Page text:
Ottomaticake reminds me of the joy that can come from documentary filmmaking. The amount of passion and happiness that exudes from every person on screen during this all too short feature is evident through and through. More so, it is obvious that everyone involved truly has a deep emotional attachment to the film’s subject, local legend Otto, proprietor of Otto Cake. The passion and personality of this man also shows in this documentary, and is so magnetic that it can bring anyone into his eclectic world of rollerblading, cheesecake, drag fashion, and punk rock.
I was born in Hawaii in 1997, and I only recently came back to attend college here at HPU. I have heard tell of the legend of Otto and his cheesecakes, but I had never indulged myself in them. As well, I had heard about the dangers of the Chinatown in Honolulu, and the crime and social problems that seep out of the pores of that town, yet I never experienced them for myself. Ottomaticake made me keenly aware of just how much the climate of drugs and homelessness are affecting the businesses just blocks away from where I sleep. What I thought would be the simple profiling of one of Honolulu’s most beloved figures quickly turned into an interesting and saddening look at one of Oahu’s most troubled areas. You always hear about the immense homeless and drug problems troubling this city, yet it is an even more sobering thing to see them so up close and personal, as the director of the film portrays them. As well, these problems adversely affect the businesses of the surrounding areas, and this is something covered deeply throughout Ottomaticake, as Otto himself tells of some of the horror stories he and other entrepreneurs experienced while located in Chinatown. Such problems are handled deftly by the cast and crew, and it personally made me even more wary of Chinatown than I already was.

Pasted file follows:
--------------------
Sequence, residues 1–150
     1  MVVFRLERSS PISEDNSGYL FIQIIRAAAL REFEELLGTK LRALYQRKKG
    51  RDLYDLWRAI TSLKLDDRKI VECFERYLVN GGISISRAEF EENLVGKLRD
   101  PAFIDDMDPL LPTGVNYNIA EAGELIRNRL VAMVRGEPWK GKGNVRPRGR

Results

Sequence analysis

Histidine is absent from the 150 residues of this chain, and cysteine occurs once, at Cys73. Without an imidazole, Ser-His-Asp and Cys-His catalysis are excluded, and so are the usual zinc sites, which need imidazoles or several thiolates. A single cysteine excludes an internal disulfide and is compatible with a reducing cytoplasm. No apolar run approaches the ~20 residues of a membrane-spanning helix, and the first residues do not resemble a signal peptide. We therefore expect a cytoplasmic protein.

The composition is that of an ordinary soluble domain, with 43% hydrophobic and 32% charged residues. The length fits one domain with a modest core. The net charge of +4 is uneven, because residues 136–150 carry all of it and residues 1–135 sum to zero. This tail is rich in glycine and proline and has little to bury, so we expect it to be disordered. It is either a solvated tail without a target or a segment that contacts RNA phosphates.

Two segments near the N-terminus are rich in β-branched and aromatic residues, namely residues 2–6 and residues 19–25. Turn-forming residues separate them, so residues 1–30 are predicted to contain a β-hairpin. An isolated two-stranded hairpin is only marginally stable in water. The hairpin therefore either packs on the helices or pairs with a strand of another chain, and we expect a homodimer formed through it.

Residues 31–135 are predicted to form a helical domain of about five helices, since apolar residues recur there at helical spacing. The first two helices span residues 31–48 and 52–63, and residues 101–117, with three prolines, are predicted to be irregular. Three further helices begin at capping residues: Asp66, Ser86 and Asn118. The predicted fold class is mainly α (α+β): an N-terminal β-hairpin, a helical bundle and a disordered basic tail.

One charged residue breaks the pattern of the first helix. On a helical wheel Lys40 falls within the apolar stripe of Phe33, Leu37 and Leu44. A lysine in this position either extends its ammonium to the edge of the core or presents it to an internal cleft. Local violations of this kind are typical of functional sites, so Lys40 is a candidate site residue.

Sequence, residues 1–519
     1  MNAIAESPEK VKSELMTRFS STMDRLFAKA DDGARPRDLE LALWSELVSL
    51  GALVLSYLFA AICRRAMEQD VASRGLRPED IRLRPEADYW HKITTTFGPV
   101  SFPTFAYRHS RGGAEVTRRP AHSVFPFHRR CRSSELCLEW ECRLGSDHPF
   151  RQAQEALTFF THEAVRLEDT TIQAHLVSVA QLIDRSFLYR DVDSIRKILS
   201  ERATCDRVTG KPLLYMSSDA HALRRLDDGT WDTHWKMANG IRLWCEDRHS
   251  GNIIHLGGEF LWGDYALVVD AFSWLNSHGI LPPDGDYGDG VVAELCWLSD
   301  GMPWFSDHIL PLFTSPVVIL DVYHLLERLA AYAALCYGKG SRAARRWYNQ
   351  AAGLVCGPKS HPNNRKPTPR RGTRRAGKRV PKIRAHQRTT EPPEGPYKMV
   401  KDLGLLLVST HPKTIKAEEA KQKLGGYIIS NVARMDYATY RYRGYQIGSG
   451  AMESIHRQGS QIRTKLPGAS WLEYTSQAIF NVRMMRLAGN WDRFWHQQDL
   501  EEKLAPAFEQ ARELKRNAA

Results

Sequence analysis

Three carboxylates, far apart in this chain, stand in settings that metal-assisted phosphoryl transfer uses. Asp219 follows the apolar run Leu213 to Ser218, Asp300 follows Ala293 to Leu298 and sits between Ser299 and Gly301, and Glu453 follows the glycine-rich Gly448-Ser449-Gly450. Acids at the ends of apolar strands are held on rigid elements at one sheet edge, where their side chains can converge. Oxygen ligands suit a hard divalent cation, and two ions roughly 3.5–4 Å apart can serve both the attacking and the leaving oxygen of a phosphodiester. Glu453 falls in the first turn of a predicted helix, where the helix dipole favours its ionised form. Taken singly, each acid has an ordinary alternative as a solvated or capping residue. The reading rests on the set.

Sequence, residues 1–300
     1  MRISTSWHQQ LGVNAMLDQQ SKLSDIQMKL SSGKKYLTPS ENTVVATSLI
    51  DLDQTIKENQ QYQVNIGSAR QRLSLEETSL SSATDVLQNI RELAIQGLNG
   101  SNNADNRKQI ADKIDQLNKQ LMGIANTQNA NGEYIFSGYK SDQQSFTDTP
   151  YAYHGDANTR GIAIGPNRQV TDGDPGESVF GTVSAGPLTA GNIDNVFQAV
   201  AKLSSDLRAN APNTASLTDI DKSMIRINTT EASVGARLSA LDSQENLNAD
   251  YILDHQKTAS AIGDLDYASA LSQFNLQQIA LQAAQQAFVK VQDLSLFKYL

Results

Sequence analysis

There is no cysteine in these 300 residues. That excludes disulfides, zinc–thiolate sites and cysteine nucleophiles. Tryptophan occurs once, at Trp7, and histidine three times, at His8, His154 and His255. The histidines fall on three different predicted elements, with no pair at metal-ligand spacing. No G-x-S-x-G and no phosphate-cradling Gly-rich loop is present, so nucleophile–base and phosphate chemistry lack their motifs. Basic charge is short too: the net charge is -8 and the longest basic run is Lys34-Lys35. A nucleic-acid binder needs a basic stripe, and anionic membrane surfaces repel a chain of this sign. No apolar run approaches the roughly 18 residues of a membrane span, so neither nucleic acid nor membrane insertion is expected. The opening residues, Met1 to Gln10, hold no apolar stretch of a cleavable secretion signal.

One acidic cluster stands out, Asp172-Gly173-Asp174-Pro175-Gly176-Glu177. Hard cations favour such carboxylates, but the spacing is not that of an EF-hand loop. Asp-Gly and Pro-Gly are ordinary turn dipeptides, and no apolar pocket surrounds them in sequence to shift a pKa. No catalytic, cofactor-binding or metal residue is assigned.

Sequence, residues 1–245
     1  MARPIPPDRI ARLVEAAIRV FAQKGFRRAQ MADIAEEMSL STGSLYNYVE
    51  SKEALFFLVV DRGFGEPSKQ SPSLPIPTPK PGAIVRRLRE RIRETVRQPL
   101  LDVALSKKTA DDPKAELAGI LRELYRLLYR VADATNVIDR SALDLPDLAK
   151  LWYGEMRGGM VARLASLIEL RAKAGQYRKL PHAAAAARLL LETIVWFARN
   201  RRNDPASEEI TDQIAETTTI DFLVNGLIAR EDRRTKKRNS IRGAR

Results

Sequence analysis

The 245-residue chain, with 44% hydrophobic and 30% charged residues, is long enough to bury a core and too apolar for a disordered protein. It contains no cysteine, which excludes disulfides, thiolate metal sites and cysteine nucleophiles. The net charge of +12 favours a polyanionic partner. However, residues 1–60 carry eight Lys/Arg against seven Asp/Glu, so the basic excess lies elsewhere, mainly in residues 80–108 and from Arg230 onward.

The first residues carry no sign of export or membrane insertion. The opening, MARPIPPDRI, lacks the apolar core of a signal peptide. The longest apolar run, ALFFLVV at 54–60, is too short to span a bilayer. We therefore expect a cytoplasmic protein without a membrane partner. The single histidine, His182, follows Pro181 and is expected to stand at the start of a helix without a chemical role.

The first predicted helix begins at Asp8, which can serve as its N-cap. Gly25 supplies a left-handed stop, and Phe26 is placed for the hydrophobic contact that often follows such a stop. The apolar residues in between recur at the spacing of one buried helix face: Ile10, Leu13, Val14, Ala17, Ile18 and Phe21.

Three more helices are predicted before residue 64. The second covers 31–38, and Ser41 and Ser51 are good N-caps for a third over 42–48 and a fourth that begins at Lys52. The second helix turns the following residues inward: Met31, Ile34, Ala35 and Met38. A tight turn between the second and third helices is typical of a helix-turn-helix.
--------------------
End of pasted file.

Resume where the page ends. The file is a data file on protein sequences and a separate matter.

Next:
Getting back to Otto, he is perhaps one of the most fascinating figures I have seen a documentary solely focus on, perhaps since the heartbreaking 2015 Academy Award-winning Amy Winehouse documentary Amy. His propensity toward rollerblading, drag shows, punk rock, Halloween costuming, and baking work to create a completely unique human being in a time where everyone wants to stand out. In a time such as this, it takes no effort for Otto to stand out, as his personality speaks for itself. The footage captured of modern and young Otto truly defines the man on screen, and works to create an endearing portrait of somebody just looking to be happy, as well as make others feel that same sense of satisfaction and familiarity.